The arrest of a 45-year-old man after a 9 year investigation should be a wakeup call to all of us. This is not isolated; these arrests are made regularly we just don’t always hear about them as the media chooses what makes news. There is a level of complacency where some people seem to think Working With Children Checks (WWCC) creates safety, Child Safe Standards create safety but knowledge and action gives us the power to increase children’s safety. WWCC and Child Safe Standards are tools to use to combat child sexual exploitation, but the evidence is clear that a very small percentage of perpetrators ever face the justice system and of the small percentage that do an even smaller percentage are convicted. So, there are many perpetrators of child exploitation who have clear police checks, have a WWCC, have qualifications as social workers, teachers, child care workers. These perpetrators are active members of our community, and they groom family, friends, communities and systems to allow their perpetration to continue. This one perpetrator has exploited 92 children that we know of, thousands of offences and more than 4000 images. Each of these
children have parents, friends, family, schools and communities they belong to. One perpetrators action has impacted lives of thousands of people in our community forever. They may get justice, but the scars will
last a lifetime. How do we avoid this in the future? Prevention is the key. Our policies and procedures for any organisation working with children should not provide any opportunity for this to occur. We need to empower our community, both adults and children, through training and education to be able to recognise and respond to risk and to ensure perpetrators cannot manipulate members of the community, peers and organizations to gain access to vulnerable children.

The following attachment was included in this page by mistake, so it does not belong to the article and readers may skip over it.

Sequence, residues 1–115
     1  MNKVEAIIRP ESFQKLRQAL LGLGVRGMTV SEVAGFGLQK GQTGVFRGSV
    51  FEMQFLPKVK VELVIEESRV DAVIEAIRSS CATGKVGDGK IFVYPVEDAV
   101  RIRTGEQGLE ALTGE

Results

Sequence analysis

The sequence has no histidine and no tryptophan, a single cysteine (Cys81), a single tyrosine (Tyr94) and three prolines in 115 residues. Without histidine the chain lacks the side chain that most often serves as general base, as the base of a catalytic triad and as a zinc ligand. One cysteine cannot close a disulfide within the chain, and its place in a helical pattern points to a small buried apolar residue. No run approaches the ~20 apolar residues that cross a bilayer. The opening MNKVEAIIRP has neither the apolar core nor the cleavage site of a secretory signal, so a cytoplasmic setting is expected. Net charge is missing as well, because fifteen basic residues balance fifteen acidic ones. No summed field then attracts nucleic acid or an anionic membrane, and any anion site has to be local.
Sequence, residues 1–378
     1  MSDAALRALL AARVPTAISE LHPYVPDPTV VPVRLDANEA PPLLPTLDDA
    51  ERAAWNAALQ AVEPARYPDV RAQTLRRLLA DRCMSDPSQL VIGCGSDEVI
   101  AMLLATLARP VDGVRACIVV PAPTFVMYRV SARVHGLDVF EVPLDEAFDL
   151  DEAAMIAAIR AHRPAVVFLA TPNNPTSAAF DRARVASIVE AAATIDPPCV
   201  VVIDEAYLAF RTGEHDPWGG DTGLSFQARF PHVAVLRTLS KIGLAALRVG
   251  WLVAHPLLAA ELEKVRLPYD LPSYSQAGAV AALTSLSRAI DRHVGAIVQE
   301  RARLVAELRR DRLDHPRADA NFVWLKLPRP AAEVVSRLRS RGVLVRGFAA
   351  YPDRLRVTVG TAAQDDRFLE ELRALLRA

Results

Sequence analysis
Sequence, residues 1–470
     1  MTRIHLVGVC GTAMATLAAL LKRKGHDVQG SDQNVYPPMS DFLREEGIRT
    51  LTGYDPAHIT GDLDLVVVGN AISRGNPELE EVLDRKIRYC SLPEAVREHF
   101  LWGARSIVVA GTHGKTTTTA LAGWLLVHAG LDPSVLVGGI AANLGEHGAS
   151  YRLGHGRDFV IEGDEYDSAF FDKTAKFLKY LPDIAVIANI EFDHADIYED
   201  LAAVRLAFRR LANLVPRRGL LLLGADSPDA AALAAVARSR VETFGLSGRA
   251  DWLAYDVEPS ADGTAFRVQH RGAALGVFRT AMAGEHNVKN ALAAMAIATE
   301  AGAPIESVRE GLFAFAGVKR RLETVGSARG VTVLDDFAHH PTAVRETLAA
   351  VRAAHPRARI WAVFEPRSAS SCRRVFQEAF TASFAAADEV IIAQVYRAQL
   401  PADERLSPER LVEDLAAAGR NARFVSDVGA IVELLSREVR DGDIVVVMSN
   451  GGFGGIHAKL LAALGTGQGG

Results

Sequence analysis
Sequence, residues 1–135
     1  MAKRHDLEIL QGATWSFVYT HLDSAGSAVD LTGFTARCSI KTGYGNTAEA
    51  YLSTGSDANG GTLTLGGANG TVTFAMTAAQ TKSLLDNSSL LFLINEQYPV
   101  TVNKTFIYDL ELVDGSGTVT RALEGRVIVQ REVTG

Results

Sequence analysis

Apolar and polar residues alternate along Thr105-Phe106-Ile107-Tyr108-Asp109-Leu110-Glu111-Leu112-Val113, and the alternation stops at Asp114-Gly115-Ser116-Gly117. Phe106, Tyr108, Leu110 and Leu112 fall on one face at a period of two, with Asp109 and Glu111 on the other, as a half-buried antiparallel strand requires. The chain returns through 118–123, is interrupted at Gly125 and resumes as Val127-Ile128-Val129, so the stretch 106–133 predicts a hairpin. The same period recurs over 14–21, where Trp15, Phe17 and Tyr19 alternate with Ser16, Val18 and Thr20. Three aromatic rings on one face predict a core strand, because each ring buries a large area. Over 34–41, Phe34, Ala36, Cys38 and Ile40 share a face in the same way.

Family Violence Prevention
What we are doing to address Family Violence is not working.
Something needs to change … urgently.
People say there has been significant improvement, but I see a disturbing lack of progress. How do we measure progress? Is it up to us as individuals to interpret what progress looks like or do we rely on researchers to demonstrate and agree on progress levels? Research and statistics are vitally important but let’s not hide behind them or let them skew the reality. The reality is frightening. If we think about what has occurred over the last decade. There has been a Royal Commission into Family Violence in Victoria (2015-2016) and significant changes made to risk assessment, modes of operation, and education around family violence. There was a Royal Commission into Institutional response to child sexual abuse (2013) and the introduction of Child Safe Standards across Australia. We are currently in the second, 10-year plan to end violence against women and children 2022-2032. In addition, we have had organisations established to work solely towards prevention of Family Violence. There have been television commercials, literature published, brochures, print articles and campaigns aimed at preventing violence against women. Despite thousands of hours and financial resources have things progressed at an equal rate? If we consider the evidence the answer is no. The numbers of women and children who have been murdered has remained the same. The numbers of women and children accessing support and services appears to have in fact increased. We know many women and children never report, and we know not all deaths that should be recorded as a result of family violence are. Family Violence is an urgent critical issue requiring an urgent critical response.
1. To treat children as victim survivors in their own right. Their voices matter when we consider prevention, management and responses. We must ensure they have a voice at the table.
2. Child Centred services - They need services targeted to their needs, not services to assist adult victim/survivors or services that hold perpetrators accountable and hope the bi product of this is children will be safer. Children should be acknowledged as their own entity, central to the discussion and given a voice in the movement for change.
3. Prevention - We all need to work together, take responsibility for changing community attitudes to gender based violence and define primary prevention clearly. Our frontline services are stretched to the limit. Our systems struggle to work together. Collaboration is so important.
4. Targeted Training and Education. The recent National Community Attitudes Towards Violence Against Women Survey (NCAS) provided the evidence that the community does not understand the gendered nature of family violence or acknowledge the power of a patriarchal society and the impact of colonisation on our First Nations peoples. We need to provide programs for young children, their parents and community members working with them on a wide scale.
We need action NOW. How many more women and children will be murdered, harmed and traumatised?